Passwordless authentication in CAS allows users to login without having to type in a password. Instead, passwords take the form of tokens that expire after a configurable period and are shared with users using communication methods such as email or SMS. Using this strategy, users are simply asked for an identifier (i.e. username) which is used to locate the user record that contains forms of contact such as email and phone number.
This is a short tutorial on how to set up CAS to use Passwordless Authentication to avoid the insecure practice of using a shared password for different services and improve user experience, especially for mobile devices and applications.
Our starting position is based on:
Once you have decorated the CAS WAR Overlay with the proper extension module, you will need to adjust your CAS configuration (i.e.
cas.properties file) to tune the feature for the following:
How should user records and contact information be found, given an identifier?
To keep things simple for this tutorial, we are going to use a static map of usernames that are linked to their methods of contact, such as email or phone number. The key in the map is taken to be the username eligible for authentication while the value can either be an email address or phone number that would be used to contact the user with issued tokens.
Tokens generated by CAS and shared with users are signed and encrypted. We can instruct CAS to use specific crypto keys for this purpose.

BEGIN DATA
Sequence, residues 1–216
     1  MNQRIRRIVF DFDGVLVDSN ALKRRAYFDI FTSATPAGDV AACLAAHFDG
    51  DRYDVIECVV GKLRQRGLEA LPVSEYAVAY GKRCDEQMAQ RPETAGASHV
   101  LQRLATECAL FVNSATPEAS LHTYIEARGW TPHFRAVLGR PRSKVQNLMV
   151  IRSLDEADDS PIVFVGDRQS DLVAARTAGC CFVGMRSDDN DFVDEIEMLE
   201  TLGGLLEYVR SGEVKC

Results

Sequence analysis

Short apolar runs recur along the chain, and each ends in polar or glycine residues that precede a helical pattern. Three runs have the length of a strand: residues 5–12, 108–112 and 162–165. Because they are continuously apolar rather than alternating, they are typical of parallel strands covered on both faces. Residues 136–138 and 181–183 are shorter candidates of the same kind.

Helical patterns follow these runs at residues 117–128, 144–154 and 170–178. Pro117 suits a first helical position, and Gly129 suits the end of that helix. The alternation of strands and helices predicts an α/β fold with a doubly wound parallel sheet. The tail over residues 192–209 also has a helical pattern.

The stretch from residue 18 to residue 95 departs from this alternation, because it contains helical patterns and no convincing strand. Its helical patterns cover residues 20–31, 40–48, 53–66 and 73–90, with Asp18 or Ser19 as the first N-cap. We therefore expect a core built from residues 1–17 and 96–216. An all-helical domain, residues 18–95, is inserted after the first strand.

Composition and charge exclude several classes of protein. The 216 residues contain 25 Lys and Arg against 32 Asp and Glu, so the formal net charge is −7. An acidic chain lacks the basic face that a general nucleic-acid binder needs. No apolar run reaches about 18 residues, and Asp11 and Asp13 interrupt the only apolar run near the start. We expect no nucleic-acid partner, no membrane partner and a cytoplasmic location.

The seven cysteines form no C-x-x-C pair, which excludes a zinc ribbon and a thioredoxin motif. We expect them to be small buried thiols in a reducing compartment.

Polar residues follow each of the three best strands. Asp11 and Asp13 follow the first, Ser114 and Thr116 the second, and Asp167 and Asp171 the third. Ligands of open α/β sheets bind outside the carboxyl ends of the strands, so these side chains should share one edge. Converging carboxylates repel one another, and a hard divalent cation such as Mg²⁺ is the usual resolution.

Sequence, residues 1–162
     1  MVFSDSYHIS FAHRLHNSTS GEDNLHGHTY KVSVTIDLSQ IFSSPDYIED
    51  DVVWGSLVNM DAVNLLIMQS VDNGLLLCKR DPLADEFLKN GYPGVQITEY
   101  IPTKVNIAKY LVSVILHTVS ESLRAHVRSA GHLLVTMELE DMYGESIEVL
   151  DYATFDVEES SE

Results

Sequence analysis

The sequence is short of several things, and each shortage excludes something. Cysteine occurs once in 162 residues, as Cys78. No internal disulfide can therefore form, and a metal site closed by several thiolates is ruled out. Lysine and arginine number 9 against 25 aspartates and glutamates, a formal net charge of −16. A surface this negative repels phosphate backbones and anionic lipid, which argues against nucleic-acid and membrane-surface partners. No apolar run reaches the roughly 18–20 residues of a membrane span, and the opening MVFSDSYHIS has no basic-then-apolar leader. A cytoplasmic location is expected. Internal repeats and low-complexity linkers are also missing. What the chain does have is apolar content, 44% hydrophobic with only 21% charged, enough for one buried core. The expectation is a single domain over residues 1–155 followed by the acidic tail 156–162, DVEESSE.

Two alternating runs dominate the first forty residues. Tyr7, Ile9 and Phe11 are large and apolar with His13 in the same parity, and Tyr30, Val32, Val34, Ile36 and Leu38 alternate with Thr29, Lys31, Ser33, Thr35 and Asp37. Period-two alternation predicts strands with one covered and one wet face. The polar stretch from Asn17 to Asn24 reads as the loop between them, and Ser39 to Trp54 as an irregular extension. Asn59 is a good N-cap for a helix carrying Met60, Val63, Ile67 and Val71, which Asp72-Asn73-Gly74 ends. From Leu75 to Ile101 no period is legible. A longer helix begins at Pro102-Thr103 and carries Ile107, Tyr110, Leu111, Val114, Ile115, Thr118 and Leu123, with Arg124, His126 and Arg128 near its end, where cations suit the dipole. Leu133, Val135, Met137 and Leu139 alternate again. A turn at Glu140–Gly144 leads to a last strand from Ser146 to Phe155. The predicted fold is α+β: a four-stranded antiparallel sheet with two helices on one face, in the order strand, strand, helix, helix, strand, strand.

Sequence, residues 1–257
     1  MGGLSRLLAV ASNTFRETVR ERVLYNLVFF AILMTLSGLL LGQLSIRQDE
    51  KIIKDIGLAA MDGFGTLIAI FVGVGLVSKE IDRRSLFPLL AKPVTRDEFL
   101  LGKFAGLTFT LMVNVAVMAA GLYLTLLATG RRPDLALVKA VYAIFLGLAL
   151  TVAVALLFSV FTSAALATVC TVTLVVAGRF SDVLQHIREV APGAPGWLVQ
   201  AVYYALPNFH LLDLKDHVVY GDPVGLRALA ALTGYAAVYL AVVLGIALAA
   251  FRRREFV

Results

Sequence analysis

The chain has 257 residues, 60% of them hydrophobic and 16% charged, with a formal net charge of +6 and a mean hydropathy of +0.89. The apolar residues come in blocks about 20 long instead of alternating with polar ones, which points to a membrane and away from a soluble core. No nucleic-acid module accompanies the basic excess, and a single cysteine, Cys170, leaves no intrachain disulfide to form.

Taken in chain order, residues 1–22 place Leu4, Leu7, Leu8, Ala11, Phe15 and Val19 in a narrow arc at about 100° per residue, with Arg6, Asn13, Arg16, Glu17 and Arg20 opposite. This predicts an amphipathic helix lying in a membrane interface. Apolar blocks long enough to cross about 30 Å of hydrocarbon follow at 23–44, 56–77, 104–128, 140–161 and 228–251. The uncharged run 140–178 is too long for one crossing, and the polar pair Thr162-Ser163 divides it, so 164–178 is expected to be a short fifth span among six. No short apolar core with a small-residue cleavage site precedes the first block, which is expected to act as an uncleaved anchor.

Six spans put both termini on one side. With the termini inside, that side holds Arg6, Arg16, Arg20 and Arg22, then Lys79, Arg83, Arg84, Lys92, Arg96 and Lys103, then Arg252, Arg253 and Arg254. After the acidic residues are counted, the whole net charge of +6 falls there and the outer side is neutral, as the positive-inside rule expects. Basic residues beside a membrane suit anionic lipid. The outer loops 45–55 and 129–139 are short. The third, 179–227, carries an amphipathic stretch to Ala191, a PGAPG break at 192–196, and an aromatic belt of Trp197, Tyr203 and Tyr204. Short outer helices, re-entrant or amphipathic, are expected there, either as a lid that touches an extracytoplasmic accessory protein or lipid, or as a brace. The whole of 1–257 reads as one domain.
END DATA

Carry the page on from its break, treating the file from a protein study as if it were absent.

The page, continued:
If you skip this step, CAS will automatically generate at startup and will issue warnings in the logs for you.
We can also adjust the expiration time of generated tokens:
To keep things simple, we will configure CAS to share tokens with users via email. How do we configure email settings such as message body, from, subject and the server settings?
firstname.lastname@example.org cas.authn.passwordless.tokens.mail.text=Your CAS Passwordless token is <strong>%s</strong>. cas.authn.passwordless.tokens.mail.subject=Your CAS Passwordless Token cas.authn.passwordless.tokens.mail.html=true
We will also instruct CAS (and Spring Boot underneath) to use a dummy email server, running on
spring.mail.host=localhost spring.mail.port=25000 # spring.mail.testConnection=true
Once you attempt to access a CAS-protected application and assuming the application is properly registered with CAS, you’d be redirected to the CAS login screen as such:
casuser is the only entry in our simple account store that is set up for passwordless authentication. Once
casuser logs in, CAS will ask for the shared token that is now shared with the user via an email message:
The email message from CAS will arrive in the user’s inbox with the token:
Assuming the token is still valid, CAS will ask and accept the token from the user and will proceed normally to route the flow to the requested application.
Pretty simple, eh?
I hope this review was of some help to you and I am sure that both this post as well as the functionality it attempts to explain can be improved in any number of ways. Please know that all other use cases, scenarios, features, and theories certainly are possible as well. Feel free to engage and contribute as best as you can.